Written by Sarah “PP3”
I am a French teacher for two classes of the “4th year” and two classes of the “3rd year,” one of which I am a main teacher.
My college is located in the Yvelines, about forty kilometers from Paris. It is a ZEP (Priority Education Zone) college with a “disadvantaged” population and relatively little social mix. It has about 600 students. The framework is important because my first remark is really that this quarantine cannot be experienced in the same way. It really depends on the conditions. This highlights “family” and “material” inequalities. It has been said a lot, but it is a reality which is quite striking. My students very rarely have a personal computer, sometimes one for all children, often one for the home (but which does not always work) and many can only work from their mobile phone.
Concretely, our students must connect to pronote (a school life software, which we use to make calls, fill in the text book, insert notes…) from home and get the work that the teachers post according to a schedule that we’re trying to make a regular habit. The students then compile the work that each teacher sends them and therafter send us “proof” of this work. This return can be done on the pronote software where the student upload the work done, or they have the option of sending by email (a lot of us teachers have a professional email address which we use to communicate with them). Sites like quizins are also used by colleagues. Those with computers and internet connections send digital files, the others (many) send photos of what they write on sheets and notebooks. So much for everyday life.
First assessment: I manage to get the work of about half of the students. Some are very regular and manage to send the requested work every week, for others it is more fluctuating, others send nothing at all. The latter fall into several categories: those who do the work but at their own pace and do not send it because they do not know how to do it or consider it useless (as we don’t grade the work given!); those who don’t know how to use the technology despite our explanations or do not have the material means to do so, those who are in too great difficulty in school, or who find themselves in too complicated living conditions (living for example in host hotels for refugees, or with too many younger brothers and sisters…) and for whom remote work done autonomously is impossible. I’ve also noticed that it’s difficult, over time, to force yourself to continue each day, each week… Added to this is the month of Ramadan which started and which adds additional constraints (with us Ramadan is a reality which concerns 80 or 90% of the students I think).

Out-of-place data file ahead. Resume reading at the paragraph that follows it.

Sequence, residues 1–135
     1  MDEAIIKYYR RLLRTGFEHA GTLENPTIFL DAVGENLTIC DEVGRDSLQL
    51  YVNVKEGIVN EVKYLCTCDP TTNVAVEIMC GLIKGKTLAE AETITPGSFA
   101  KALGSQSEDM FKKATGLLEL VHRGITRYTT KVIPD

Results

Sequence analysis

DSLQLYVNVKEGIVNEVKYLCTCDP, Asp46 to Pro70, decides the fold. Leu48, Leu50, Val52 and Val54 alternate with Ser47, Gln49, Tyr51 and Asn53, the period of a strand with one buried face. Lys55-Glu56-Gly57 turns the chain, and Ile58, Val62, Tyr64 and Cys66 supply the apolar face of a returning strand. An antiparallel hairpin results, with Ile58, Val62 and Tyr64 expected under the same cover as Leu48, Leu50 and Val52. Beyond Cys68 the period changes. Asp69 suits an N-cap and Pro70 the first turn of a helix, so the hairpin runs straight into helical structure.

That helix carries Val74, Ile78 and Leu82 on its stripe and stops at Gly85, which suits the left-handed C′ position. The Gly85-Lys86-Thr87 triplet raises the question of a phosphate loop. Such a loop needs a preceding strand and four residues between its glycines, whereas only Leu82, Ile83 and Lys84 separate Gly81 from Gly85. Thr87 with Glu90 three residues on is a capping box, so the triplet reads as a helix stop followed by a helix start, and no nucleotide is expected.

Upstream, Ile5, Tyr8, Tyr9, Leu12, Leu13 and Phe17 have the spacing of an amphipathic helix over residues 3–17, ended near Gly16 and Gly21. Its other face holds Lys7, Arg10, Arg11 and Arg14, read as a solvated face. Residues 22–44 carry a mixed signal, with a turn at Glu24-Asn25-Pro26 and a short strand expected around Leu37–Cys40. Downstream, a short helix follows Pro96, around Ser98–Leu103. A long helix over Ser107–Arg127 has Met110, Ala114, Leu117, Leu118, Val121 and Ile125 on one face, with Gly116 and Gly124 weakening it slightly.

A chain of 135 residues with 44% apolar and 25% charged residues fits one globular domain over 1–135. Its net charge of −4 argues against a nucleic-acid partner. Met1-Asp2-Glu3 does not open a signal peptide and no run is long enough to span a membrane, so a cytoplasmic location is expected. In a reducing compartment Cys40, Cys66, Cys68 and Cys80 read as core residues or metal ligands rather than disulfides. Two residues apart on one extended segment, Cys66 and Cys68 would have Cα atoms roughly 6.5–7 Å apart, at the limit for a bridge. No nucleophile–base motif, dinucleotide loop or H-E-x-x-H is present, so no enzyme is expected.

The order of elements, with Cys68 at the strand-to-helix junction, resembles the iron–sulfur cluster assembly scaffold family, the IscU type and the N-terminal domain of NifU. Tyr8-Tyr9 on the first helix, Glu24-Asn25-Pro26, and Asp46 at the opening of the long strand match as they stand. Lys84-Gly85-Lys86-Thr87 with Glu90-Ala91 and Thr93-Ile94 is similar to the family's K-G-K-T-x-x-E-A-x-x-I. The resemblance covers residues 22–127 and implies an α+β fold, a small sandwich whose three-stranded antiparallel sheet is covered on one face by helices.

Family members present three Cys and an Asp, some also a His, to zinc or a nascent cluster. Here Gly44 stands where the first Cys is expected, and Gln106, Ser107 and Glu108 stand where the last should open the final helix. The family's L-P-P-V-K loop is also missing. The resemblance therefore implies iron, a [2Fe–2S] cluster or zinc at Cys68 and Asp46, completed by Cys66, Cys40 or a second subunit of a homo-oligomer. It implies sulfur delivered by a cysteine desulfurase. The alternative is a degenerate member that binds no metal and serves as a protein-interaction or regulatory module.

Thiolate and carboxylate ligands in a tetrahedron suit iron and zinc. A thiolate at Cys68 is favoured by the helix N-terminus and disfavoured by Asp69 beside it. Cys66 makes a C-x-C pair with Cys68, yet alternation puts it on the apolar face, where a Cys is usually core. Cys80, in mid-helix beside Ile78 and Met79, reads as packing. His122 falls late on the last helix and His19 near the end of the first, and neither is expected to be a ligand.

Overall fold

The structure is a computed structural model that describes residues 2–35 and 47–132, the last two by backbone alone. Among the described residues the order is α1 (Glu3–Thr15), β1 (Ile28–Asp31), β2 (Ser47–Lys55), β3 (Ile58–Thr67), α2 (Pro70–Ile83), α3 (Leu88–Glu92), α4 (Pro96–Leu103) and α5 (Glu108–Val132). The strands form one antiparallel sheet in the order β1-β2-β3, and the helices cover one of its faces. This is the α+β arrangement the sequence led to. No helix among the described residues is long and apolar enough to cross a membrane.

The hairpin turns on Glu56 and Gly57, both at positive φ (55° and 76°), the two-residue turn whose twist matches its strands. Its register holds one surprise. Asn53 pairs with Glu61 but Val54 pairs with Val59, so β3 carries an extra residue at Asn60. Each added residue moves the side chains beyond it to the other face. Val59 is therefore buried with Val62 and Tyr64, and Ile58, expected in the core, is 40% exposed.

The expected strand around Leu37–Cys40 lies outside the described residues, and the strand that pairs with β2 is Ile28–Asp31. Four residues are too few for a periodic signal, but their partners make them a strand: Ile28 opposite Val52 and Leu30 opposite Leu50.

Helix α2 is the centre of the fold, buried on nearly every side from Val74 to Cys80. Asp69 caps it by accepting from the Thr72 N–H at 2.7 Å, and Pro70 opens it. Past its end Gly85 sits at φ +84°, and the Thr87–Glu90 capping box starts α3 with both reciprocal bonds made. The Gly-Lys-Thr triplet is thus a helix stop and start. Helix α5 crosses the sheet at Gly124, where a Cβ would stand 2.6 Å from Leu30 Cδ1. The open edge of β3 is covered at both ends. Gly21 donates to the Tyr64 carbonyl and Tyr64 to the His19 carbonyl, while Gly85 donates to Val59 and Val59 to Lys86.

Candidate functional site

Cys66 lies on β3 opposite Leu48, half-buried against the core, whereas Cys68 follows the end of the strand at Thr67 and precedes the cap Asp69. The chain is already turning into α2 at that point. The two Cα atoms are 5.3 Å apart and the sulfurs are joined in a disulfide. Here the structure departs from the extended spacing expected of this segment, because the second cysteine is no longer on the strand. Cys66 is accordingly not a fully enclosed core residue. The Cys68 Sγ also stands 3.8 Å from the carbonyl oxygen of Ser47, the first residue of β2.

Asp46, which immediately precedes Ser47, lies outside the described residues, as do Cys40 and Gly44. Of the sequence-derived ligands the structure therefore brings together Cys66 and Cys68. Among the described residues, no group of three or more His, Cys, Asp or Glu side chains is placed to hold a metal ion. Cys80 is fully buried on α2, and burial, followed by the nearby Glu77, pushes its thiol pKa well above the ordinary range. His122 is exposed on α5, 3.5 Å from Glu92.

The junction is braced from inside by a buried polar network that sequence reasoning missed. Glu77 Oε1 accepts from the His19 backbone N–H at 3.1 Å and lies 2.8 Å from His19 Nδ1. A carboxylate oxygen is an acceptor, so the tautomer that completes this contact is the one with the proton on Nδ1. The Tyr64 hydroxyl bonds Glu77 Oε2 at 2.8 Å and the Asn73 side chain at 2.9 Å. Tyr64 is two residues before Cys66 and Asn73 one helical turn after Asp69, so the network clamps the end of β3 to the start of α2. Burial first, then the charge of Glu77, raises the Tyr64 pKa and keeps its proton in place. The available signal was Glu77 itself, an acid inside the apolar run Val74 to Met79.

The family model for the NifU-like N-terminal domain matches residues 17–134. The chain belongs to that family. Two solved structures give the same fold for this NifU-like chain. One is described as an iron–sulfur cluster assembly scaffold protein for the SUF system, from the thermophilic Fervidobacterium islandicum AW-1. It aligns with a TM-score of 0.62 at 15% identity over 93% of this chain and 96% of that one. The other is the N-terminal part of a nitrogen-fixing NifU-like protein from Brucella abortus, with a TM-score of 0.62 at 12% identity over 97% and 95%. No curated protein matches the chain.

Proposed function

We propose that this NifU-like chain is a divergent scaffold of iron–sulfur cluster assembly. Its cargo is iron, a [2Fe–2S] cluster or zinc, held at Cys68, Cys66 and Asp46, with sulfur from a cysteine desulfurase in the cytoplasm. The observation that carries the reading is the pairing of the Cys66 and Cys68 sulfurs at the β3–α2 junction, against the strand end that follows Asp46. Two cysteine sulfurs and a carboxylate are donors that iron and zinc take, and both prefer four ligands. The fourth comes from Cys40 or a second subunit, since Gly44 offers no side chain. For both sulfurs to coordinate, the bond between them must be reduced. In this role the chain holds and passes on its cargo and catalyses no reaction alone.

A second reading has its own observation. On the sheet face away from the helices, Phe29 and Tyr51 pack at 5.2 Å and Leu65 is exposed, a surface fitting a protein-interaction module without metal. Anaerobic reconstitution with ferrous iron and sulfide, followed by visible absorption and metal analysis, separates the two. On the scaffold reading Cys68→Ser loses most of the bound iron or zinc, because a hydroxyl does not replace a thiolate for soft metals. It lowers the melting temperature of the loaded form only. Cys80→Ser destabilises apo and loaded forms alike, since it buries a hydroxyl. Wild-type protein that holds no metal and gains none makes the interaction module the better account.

From the beginning, I’ve sent two “work packages” to do each week (one rather grammar-oriented and another an explanation of a text to schematize). They then have the week to ask me questions, send the work back before I send the answer sheet. This is clearly not satisfactory but, in my opinion, pedagogy does not mean much anymore at this level. I maintain a bond, allow them to hang on, “keep them busy” too, and students who are better able manage to get something out of it. The main thing was, at first, to reassure them and to maintain contact.
Between the CPEs (Principal Education Advisers) and the main teachers, the students are contacted by telephone about once a week or two weeks, in order to verify that everything is fine (that they keep a suitable routine, proper hygiene), that they haven’t drowned… At the beginning the pupils had a lot of difficulties of connection, of lost coding codes, they did not know how to organize and felt truly overwhelmed (the teachers as well, and we had to organize and ritualize things!).
Over the past few days, an additional difficulty has been added for our 3rd year students who must fill out “wish sheets” for their post-college orientation. These documents are essential because their wishes will determine whether they will go to general high school or choose a more professional (technical) path. To be very concrete, I present my 3rd year class: